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Comparing Java Objects

It is a common requirement to compare instances of a class. The equals(Object) method can be used to simply check if two objects are the same. The java.lang.Comparable and java.util.Comparator interfaces are used to sort objects into a predictable order.

The java.lang.Comparable interface

The Comparable interface defines a int compareTo(T o) method. Implementations of int compareTo(T o) should compare the instance being invoked against the object specified by the single method argument. A negative integer should be returned if the instance is than the specified argument; zero if the instance and the specified argument are equal; or a positive integer if the instance is greater than the specified argument. What it means for an object to be less than, equal or greater than another instance of the same class is class-specific. The String class, which implements Comparable, compares instances lexicographically - i.e. the comparison is based on the Unicode value of each character in the strings.

Example of comparing instances of String.
Code snippet:
System.out.println("deer".compareTo("deer"));
System.out.println("bee".compareTo("kangaroo"));
System.out.println("zebra".compareTo("aardvark"));
Output from running code snippet:
0
-9
25

It is the int compareTo(T o) method of Comparable that the Arrays.sort(Object[]) method uses to sort object arrays.

Example of sorting an array of String objects.
Code snippet:
String[] a = {"zebra", "bee", "aardvark", "kangaroo", "deer"};
System.out.println("before sort: "+java.util.Arrays.toString(a));
java.util.Arrays.sort(a);
System.out.println("after sort:  "+java.util.Arrays.toString(a));
Output from running code snippet:
before sort: [zebra, bee, aardvark, kangaroo, deer]
after sort:  [aardvark, bee, deer, kangaroo, zebra]

As Arrays.sort(Object[] a) relies on int compareTo(T o) to sort the array elements, an exception will be thrown if it is passed an array of objects that do not implment Comparable.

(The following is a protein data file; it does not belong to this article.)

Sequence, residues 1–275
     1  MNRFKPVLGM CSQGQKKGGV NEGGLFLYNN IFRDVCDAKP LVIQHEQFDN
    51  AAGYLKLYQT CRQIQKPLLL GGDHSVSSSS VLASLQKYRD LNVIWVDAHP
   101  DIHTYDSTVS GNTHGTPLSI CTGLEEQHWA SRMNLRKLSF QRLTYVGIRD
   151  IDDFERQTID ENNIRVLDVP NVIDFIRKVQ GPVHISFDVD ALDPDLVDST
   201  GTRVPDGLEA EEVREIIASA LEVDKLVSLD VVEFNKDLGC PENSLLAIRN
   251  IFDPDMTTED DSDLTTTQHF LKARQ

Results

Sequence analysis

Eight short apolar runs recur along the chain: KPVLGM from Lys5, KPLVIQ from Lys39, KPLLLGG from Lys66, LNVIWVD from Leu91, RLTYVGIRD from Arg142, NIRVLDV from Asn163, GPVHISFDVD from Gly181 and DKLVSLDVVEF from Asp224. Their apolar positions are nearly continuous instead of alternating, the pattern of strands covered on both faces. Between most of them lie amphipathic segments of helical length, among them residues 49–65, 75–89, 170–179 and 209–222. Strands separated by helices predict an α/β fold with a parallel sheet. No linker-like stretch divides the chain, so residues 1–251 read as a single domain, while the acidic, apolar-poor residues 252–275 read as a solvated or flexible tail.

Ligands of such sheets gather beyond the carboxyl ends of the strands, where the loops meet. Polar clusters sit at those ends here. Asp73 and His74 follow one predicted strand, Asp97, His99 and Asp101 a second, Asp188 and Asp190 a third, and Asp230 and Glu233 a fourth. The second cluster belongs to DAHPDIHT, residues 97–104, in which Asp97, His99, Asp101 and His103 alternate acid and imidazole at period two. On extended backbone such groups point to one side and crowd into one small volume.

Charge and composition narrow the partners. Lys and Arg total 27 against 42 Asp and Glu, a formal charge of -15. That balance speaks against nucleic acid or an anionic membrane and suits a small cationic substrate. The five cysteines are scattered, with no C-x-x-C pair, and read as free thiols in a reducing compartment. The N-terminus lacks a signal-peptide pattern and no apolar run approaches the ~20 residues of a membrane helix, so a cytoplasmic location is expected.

Example of trying to use Arrays.sort(Object[] a) with instances of a class that does not implement Comparable.
Contents of Example.java:
import java.util.Arrays;

public class Example {
   public static void main(String[] args) {
      A[] a = new A[]{new A(2), new A(3), new A(5), new A(1), new A(4)};
      System.out.println("before sort: "+Arrays.toString(a));
      Arrays.sort(a);
      System.out.println("after sort:  "+Arrays.toString(a));
   }
}

class A {
   final int i;

   A(int i) {
      this.i = i;
   }
   
   @Override
   public String toString() {
      return "[A "+i+"]";
   }
}
Command to compile Example.java:
javac Example.java
Command to run Example:
java Example
Output from running Example:
before sort: [[A 2], [A 3], [A 5], [A 1], [A 4]]
Exception in thread "main" java.lang.ClassCastException: A cannot be cast to java.lang.Comparable
   at java.util.Arrays.mergeSort(Arrays.java:1144)
   at java.util.Arrays.sort(Arrays.java:1079)
   at Example.main(Example.java:7)

If you want to use Arrays.sort(Object[] a) with your own classes you can mark them as implementing Comparable and define a int compareTo(T o) that is relevant to the specific purpose of the class.

Example of using Arrays.sort(Object[] a) with instances of a class that implements Comparable.
Contents of Example.java:
import java.util.Arrays;

public class Example {
   public static void main(String[] args) {
      A[] a = new A[]{new A(2), new A(3), new A(5), new A(1), new A(4)};